Lost Pubs of Boston

CLOSED: This discussion has concluded.

An external black and white image of the  Peacock and Royal Inn.This week's blog focuses on lost pubs of Boston and follows some of the changes to the town's built environment during the 1960s. This included the introduction of the inner relief road known as John Adams Way. I also want to mention three pubs which closed during this period; the Peacock and Royal Hotel, Loggerheads Inn and the Red Lion Hotel.

An image of a poster for The Peacock and Royal Inn.Once Boston's most prestigious Inn, the Peacock and Royal was located at 25 Market Place (now occupied by retail giants Boots). The Old Peacock Inn was demolished in the mid 18th Century and rebuilt in a recognisable Georgian style. For over 200 years, the Inn was a busy coaching house with regular services to London and elsewhere with some coaching services owned by the Hotel. At the rear of the premises this busy enterprise was served by a series of buildings. These included a brewery, stables, trap sheds, blacksmiths and saddlers. An advertisement from the period tells us there was also a pavilion and bowling green operating from within the grounds of the hotel. In 1880, Queen Victoria's son, HRH Alfred Ernest Albert Duke of Edinburgh, stayed the night and the inn became known as the Peacock and Royal. During this period, the business was owned and operated by the Jackson Family (c.1819-1887). Later it was owned by Henry Clemow before the whole site was put up for auction in 1917. After WWII, the Hotel opened again but closed its doors for the final time in 1962 and was demolished.

A black and white image of South Street in Boston.The Three Loggerheads Inn was sited on the Pack House Quay, South Street (now part of the outside seating area for the Folly Bar and Kitchen). The inn was Licensed in 1784 as a beerhouse but was probably operating before this date. Loggerheads was a modest two-storey quayside house, complete with bar, taproom and two kitchens. It also had a large dining room which doubled as a dancing room (attracting complaints about noise and prostitution from the premises). Loggerheads was often used as a meeting place for several societies and clubs. The United Ancient Order of Druids held their monthly meetings there, as did the Victoria Benefit Society who helped those in financial difficulty. The pub also had ties with Boston United (before they moved to York Street). The teams changed at the pub and ran down Shodfriars in their kit! Loggerheads was demolished in the 1960s.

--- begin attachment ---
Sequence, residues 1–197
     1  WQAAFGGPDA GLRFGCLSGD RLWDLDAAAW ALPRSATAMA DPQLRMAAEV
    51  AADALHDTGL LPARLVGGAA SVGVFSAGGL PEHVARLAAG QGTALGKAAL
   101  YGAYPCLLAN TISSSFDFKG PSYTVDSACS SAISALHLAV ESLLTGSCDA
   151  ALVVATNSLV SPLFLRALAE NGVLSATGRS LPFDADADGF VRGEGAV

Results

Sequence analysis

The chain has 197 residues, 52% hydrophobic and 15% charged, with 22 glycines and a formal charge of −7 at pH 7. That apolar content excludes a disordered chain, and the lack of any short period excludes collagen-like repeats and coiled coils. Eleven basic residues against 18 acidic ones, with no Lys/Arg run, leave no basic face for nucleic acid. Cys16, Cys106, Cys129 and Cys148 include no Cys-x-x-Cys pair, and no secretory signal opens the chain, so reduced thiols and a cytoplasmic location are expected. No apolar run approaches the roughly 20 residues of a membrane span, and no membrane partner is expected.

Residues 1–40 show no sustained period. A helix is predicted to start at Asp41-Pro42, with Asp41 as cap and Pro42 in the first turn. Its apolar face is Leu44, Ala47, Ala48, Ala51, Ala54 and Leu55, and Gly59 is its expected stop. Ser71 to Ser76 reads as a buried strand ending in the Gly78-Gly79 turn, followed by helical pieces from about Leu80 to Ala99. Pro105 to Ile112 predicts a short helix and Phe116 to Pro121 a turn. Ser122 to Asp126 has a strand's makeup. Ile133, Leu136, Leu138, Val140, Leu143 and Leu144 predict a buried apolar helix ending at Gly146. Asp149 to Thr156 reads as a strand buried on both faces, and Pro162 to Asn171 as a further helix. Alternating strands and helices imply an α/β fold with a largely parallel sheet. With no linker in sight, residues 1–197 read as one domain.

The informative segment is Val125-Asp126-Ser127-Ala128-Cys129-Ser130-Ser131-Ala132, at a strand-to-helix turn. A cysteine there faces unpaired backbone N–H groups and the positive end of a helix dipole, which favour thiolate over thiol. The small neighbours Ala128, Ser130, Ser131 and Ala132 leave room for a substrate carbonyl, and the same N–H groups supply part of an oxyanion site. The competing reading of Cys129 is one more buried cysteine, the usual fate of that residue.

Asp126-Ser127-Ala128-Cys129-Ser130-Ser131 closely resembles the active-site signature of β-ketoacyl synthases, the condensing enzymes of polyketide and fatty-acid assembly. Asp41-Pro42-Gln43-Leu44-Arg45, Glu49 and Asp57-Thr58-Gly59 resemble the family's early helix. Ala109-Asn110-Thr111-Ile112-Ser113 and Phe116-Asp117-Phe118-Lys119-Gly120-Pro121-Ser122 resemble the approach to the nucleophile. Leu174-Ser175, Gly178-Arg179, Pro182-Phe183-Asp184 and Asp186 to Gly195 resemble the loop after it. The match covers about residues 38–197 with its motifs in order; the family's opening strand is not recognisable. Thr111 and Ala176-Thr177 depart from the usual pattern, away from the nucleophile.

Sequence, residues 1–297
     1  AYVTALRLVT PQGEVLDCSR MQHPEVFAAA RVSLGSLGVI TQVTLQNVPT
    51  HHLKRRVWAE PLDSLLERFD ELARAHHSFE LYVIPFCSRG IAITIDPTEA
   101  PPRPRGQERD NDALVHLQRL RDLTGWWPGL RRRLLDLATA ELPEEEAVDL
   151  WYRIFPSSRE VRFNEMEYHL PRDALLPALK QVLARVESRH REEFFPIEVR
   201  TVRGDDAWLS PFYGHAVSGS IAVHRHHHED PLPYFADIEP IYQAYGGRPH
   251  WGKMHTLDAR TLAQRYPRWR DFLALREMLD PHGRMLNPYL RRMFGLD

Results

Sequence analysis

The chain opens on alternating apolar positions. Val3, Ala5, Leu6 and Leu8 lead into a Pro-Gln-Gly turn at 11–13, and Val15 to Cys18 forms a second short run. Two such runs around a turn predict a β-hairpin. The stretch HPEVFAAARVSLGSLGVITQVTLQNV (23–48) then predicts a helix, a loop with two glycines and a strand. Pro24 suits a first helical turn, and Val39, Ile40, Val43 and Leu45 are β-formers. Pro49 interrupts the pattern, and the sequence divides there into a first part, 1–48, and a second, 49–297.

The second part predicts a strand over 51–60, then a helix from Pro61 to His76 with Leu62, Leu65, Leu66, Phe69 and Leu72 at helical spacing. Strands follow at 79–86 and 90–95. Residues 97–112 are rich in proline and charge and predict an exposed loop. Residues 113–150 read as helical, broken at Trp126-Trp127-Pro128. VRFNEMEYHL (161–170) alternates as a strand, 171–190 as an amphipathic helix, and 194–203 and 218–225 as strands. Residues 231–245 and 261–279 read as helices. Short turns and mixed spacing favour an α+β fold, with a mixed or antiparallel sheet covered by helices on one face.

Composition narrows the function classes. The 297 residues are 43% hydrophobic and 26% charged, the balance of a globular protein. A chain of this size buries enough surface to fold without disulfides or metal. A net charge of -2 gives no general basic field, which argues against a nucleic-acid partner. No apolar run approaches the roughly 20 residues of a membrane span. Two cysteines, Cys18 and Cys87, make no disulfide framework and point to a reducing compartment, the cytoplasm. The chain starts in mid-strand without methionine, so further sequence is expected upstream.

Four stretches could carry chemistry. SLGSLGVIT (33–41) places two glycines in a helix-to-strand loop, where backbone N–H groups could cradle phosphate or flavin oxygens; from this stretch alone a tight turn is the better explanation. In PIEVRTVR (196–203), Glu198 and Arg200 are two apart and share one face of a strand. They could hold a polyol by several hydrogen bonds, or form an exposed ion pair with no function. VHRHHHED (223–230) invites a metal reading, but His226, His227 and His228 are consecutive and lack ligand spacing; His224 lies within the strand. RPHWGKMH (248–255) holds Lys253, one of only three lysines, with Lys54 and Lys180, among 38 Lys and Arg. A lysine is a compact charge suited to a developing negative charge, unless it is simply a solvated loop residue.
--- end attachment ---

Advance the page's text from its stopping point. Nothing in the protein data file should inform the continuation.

Another pub demolished during this era was the Red Lion Hotel situated at 22 Strait Bargate. It was one of the oldest Inns in Boston, dating back to 1515 during the reign of Henry the VIII. Despite the Inn's narrow looking frontage, the Red Lion was popular with stagecoaches for many years. A map of the Inn reveals a coach house, brewery, tap house and large field at the rear of the property. In 1848, locals witnessed a 'Grand Ballon Ascent and Parachute Descent in the Red Lion Field', admission one shilling. Inflated by gas supplied by the Boston Gaslight and Coke Company, the balloon was called 'Rainbow'. In 1962 the Inn was closed and demolished to make way for the Woolworths high street retail chain (a local supermarket now occupies the site).

An external black and white image of The Queen's Head Inn on Bargate Bridge.Further out of the town was the Queen's Head Inn on Bargate Bridge. This Inn stood on the far side of Bargate bridge along the main route to the town and marketplace from the north. It was a large Georgian building built at the beginning of the 1800s. The Inn had a brewhouse and in 1894 the Boston Guardian recorded the Hotel and brewery sold for £2,500 (around £350,000 today) to Messrs Mowbray and Co. brewers of Grantham. In 1963, the Queen's Head Inn permanently closed and was demolished to make way for the Inner Relief Road (John Adams Way).

An external black and white image of The Lord Nelson.Another casualty of the new inner ring road was The Lord Nelson, 69 High Street. First licensed in 1805, and named after Admiral Lord Nelson who lost his life at the Battle of Trafalgar that same year. This was a large house with brewhouse and stabling accommodation at the rear. Two classical statues, possibly representing Victory and Britannia, were positioned above the main entrance with figures of Lord Nelson in a gas lamp over the doorway. During the 1890s, the annual Boston Cycle Sports were held in Lord Nelson Field (the paddock and field behind the pub). Championship races were in front of a large crowd of up to 1500 spectators. During this period, bicycles were a popular mode of transport, especially for the working classes. Still, competitive cycling was a relatively novel sport – one can almost imagine the excitement that must have surrounded this unusual event!

An external black and white image of The Royal Oak.Next door to the Lord Nelson was the Royal Oak. Records show that an Inn existed on this site before 1784 but the entire structure was rebuilt around the same time as the Lord Nelson. An old photograph of both Inns shows several design similarities between them, such as splayed lintels to both floors with coaches entering on the right beneath comparable archways. Like the Lord Nelson, the Inn had a large yard at the rear to accommodate horse travel in addition to buildings needed to support its brewery named after the Inn. Located near the foot of the new Haven Bridge, the Royal Oak was demolished together with the Lord Nelson to make way for the new ring road.

Engagement has concluded

<span class="translation_missing" title="translation missing: en.projects.blog_posts.show.load_comment_text">Load Comment Text</span>